“Money separates friends,” is a phrase I heard quite often growing up, and along with the quote, “Neither a borrower nor a lender be.” They formed my money philosophy as a teen. I witnessed enough “friendships” go sour because someone borrowed and didn’t pay back, to know that there was truth to the saying. So unless I was gifting cash, I avoided the topic as much as possible when it came to friends and lovers.
As I grew older, however, it became more and more difficult to keep the subject of money out of relationships. In the course of navigating those waters, I learnt a few things that proved to be very helpful:
1. Giving is less risky and more rewarding than lending. If you can afford to give a friend the amount they’re asking to borrow, just give it to them. If there’s need to maintain their dignity, you can call it a loan, but you know you’ve given it to them.
2. Never lend a friend money that you cannot let go of if they were unable to pay back. As you lend it to them, be at peace with the thought of it never coming back. If they pay back, great! If they’re unable to, it’s just as well.
3. “I can’t lend you all of it, but I can give you X amount” is an offer few, if any friends, will turn down. It’s better than just saying no.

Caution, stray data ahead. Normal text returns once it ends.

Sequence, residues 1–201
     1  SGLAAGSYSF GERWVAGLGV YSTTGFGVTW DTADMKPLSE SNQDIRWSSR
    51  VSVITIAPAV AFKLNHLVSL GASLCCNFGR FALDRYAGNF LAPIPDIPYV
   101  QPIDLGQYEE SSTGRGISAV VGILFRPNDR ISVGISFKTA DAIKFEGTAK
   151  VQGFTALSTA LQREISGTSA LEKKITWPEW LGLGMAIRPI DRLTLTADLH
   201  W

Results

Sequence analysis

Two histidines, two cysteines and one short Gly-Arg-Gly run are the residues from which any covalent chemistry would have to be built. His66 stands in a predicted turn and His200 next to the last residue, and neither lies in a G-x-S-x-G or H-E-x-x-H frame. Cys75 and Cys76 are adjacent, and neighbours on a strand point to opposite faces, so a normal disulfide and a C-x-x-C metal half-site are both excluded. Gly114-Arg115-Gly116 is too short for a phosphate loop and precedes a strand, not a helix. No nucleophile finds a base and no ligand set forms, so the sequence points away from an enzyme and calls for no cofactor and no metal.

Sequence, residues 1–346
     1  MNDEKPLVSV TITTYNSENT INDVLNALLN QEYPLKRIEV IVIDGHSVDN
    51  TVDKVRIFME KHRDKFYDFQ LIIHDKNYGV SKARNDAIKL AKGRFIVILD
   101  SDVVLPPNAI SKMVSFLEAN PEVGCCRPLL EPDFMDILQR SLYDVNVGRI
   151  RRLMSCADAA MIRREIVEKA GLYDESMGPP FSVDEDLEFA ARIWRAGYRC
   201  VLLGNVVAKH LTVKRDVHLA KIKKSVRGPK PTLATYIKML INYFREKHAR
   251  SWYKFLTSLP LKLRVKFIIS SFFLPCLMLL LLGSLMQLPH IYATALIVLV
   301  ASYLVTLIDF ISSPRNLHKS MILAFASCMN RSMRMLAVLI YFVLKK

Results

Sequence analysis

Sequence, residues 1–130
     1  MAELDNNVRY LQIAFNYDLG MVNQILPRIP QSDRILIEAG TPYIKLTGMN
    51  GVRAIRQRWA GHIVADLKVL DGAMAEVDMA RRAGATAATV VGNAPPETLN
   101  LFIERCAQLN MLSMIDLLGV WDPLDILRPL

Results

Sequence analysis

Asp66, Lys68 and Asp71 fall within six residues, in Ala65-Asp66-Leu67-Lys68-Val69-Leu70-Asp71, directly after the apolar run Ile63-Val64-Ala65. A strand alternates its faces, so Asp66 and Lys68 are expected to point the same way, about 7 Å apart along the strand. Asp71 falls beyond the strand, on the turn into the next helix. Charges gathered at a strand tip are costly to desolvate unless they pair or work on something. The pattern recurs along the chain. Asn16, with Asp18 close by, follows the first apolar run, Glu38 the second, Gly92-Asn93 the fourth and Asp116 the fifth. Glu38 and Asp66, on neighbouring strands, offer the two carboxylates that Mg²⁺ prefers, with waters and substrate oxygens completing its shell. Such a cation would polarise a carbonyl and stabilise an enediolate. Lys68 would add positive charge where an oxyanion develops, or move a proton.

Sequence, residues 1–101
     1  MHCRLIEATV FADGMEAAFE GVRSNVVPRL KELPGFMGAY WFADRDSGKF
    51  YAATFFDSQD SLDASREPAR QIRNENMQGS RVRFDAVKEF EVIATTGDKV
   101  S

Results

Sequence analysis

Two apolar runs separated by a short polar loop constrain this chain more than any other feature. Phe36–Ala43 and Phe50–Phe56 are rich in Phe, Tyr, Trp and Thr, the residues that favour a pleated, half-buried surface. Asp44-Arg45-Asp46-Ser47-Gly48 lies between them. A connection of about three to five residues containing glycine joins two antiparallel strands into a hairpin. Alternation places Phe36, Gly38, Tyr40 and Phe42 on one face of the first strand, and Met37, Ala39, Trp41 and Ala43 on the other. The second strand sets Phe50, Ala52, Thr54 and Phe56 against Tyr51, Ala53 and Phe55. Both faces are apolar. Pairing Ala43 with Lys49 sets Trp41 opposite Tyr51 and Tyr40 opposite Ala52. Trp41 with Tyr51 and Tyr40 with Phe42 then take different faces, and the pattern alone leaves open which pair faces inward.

4. If you are a decent person and you have decent friends, it’s unlikely that they will borrow from you and refuse to pay on purpose. You want to bear that in mind when it comes to friendships worth keeping.
5. When you’re married, it doesn’t make sense to share a home, share your body, and share children with the one you love, but hold back when it comes to money. What does that really say?
6. When you help out a partner who is struggling financially, you’re actually helping yourself.
7. The partner who earns more at any point in time spends more, simple. Today it could be you, tomorrow it could be your beloved. It’s not a competition, nobody should be made to feel bad, and there’s no need for record-keeping just so you can refer to how much you’re spending on them or how they’re spending less on you than you did on them back when you earned more.
8. Make it your default mode of operation never to lend your partner small amounts of money. Just give it to them. Charity does begin at home; if you can’t give generously to the person you love and are building a life with, how generous are you, really?
9. If a partner needs to borrow from you (and this, of course, would be a considerable sum), ask yourself how the relationship will be affected if they’re unable to pay back. Will it do irreparable damage? If yes, decline and protect your relationship. If no, then lend it go them and be prepared to write it off just in case.
10. Treat your friends as you would like to be treated. Do to your partner as you would have them do to you if the tables were turned. Embrace love and wisdom.